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Homeworld 2 pages!


Homeworld 2 (HW2), developed by Canadian developers Relic Entertainment and published by Sierra in 2003, is the long awaited sequel to Homeworld. Straight out of the box the first thing that strikes you is the high quality graphics and sound and an epic, wide screen galactic tale. Our heroic Kushan exiles from the first game are now the happily established Hiigarans, until they get visited by the galactic equivalent of Ghengis Khan crossed with the Crusades: the Vaygr. The Vaygr, recently unified under a messianic leader called Makaan, are highly mobile foes with the emphasis on speed and striking power, roaming the galaxy in self contained invasion fleets with the intention of conquering the lot. They've left a trail of ravaged worlds behind them and now have the Hiigarans in their sights.

 

Structurally, its a fairly regular RTS. The sequel isn't trying to come up with anything too new: its more an evolution from the original. Some of the game elements that made Homeworld so unique have been stripped away and replaced by more "mainstream" RTS conventions - although its still all about grand space battles played out in epic splendour in a true three dimensional battlefield. You get a giant headquarters in the form of a Mothership, there are gangs of workers mining resources, you build up an armada of armed vessels with the right factories, research a build tree to release and upgrade your forces, and then sally forth the blast the enemy to space dust before they do the same to you. There are even old fashioned resource expansions: small pockets of strategically placed asteroids to hold and exploit before the enemy comes calling.

Two destroyers cop a serving
Homeworld 2 feels less like the epic history of a refugee civilisation crossing the galaxy and more a straightforward militaristic RTS campaign. The Hiigarans get attacked, and fight off their attackers by seeking out some magic plot trinkets to secure victory before their enemies can do the same. The singleplayer campaign is disappointingly shallow compared to the original plotline, but the multiplayer is a definite step up, offering more strategy and depth. However, bear in mind that Homeworld 2's multiplayer is a lot faster and less forgiving than before, and there's a definite learning curve while you try and work out what each ship can and can't do.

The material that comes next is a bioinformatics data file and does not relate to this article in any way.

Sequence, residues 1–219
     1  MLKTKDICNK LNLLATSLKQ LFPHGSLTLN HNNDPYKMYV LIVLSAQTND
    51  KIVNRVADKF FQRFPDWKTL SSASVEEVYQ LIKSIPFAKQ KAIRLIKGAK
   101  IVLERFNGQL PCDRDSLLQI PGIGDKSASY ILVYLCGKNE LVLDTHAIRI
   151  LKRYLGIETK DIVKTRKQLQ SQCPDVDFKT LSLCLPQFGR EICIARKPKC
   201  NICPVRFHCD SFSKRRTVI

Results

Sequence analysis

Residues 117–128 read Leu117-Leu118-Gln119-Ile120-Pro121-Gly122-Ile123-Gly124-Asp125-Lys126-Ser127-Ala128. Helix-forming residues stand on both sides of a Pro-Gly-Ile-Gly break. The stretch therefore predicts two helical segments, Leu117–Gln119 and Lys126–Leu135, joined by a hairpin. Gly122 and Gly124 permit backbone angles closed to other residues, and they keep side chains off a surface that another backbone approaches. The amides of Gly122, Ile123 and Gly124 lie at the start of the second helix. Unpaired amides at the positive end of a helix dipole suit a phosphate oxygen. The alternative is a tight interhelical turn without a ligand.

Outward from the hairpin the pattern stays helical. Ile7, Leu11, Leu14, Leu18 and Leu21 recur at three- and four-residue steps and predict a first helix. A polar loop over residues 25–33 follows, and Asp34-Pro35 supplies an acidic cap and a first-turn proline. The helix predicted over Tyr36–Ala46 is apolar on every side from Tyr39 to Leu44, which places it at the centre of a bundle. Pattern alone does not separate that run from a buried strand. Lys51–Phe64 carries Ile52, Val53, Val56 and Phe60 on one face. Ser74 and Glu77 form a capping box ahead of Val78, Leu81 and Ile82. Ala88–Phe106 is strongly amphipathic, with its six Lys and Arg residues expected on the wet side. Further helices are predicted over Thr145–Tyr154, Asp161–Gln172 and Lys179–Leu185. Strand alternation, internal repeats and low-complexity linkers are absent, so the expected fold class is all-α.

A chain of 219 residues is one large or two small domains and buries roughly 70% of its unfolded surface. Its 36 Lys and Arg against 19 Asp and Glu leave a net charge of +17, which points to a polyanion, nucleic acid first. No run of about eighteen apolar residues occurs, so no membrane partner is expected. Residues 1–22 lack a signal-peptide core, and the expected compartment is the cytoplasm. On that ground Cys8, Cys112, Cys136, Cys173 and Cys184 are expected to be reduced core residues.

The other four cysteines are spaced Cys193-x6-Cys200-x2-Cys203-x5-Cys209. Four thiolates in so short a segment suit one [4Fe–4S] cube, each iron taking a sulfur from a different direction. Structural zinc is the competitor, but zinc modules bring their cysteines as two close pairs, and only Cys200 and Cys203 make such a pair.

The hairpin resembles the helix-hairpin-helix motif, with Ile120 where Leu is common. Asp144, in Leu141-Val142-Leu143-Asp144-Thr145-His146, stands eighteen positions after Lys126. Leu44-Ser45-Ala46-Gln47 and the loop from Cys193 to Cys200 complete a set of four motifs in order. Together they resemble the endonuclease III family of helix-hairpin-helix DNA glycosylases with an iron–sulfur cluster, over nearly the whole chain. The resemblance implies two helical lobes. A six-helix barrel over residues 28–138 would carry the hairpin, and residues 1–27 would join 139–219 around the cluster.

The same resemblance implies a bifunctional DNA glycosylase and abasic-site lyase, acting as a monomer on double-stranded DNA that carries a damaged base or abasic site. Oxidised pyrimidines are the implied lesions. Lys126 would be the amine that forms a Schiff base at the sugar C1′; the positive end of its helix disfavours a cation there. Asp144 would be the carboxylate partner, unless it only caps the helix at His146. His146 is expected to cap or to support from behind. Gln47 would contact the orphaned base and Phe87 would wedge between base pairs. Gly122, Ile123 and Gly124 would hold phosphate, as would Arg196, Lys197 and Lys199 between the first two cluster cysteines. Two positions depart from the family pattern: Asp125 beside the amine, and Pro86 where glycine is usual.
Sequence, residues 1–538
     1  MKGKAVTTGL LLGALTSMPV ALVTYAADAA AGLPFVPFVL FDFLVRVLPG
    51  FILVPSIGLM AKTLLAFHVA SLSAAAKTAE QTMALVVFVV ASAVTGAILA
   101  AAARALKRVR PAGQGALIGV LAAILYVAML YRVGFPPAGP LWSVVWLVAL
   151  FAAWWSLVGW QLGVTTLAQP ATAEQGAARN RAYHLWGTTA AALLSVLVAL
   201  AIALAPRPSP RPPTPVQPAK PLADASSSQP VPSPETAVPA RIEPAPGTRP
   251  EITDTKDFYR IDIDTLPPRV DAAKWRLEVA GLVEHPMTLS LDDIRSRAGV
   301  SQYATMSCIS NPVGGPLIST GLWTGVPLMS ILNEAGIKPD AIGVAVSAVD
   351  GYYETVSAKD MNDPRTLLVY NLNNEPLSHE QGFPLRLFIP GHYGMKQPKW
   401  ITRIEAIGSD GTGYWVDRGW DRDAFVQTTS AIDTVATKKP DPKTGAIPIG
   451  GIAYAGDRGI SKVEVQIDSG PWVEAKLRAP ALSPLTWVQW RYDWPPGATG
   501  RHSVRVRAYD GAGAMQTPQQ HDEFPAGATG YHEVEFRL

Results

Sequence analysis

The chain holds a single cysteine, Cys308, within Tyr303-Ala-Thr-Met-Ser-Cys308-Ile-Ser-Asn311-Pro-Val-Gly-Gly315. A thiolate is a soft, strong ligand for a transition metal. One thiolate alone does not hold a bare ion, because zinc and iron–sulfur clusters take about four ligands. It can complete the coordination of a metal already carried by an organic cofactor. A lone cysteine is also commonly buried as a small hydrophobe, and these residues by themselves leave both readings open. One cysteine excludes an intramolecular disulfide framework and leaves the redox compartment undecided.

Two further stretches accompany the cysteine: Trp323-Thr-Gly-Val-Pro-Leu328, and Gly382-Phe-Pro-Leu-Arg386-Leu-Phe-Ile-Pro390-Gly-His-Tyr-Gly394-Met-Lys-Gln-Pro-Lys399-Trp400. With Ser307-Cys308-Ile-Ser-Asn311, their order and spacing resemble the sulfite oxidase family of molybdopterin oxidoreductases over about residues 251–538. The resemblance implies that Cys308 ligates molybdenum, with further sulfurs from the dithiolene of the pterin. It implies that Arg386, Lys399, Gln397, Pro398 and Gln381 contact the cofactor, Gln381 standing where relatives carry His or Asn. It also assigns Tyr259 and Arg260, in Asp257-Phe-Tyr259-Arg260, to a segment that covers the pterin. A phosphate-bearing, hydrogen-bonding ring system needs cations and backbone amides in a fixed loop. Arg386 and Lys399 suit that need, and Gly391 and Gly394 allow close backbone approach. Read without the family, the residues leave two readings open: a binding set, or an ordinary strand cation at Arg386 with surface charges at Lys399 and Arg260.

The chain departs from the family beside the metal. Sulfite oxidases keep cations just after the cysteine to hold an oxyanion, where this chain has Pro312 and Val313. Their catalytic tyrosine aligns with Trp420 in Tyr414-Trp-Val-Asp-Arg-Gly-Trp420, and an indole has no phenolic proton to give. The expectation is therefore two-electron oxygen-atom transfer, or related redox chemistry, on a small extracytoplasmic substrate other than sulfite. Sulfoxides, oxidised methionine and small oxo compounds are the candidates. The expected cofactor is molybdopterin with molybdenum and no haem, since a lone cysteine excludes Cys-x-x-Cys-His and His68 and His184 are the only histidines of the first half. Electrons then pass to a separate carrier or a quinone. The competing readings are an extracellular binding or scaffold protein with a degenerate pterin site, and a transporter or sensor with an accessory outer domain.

But the losses to the new instalment do give some old Homeworlders pause. Salvaging and Support are struck from the game, and formations have been effectively restructured out of existence. While formations are used by the game engine, there is little human control over them. Certainly, you can't ask for those artistic Spheres or giant Walls anymore. A pity. Refueling is completely gone and Strikecraft can now fly forever without running out of juice. The lone "Harvester" Resource Collector has been split up into squads of (very groovy) worker Resource Collectors, whose character and function will be instantly recognisable to any old StarCraft player.

There are many compensations. Graphics and sounds have, naturally enough, made a great leap forward. The game interface and controls have been streamlined: at long last you can control everything from from the Sensors Manager and flick between build, research and launch screens without having to return to the main display all the time. The camera has scored some extra controls and is a lot more flexible than before. However, a great deal of screen real estate is now consumed by stylish interfaces with lots of useful heads up displays and messages. You can opt to turn these off completely for a pristine game screen - but you won't have as much time for sightseeing this time around. This is also a bit of a shame - because one of the biggest losses has been the ability to record and play back games - you can't anymore!

A big swag of nifty new features have been added. Subsystems, Strike-Forces, and Squadrons are the biggest changes. While the dear old loved and much abused Salvage Corvette might be banished from the game, you get to hijack vessels with Marine Frigates. All these new features and enhancements change the gameplay a fair bit from the original, but I think ultimately for the better. It does require a little practise and a few single player missions to get the feel of things - jumping into Homeworld 2 blind will be frustrating and confusing at first. The AI will quickly show you the holes in your build and tactics. And if you loved setting up different formations in the old game just to watch them fly into battle against a magnificent sunset backdrop you'll almost certainly feel cheated: a lot of time seems to be spent in the Sensor Manager trying to keep up with those fast, touch and go battles. Homeworld 2 is less about goggling at the gorgeous view in space than buckling down a little for some serious strategy gaming. Although it has to be said, it all looks bloody amazing and has an equally impressive ambient soundtrack to complement it.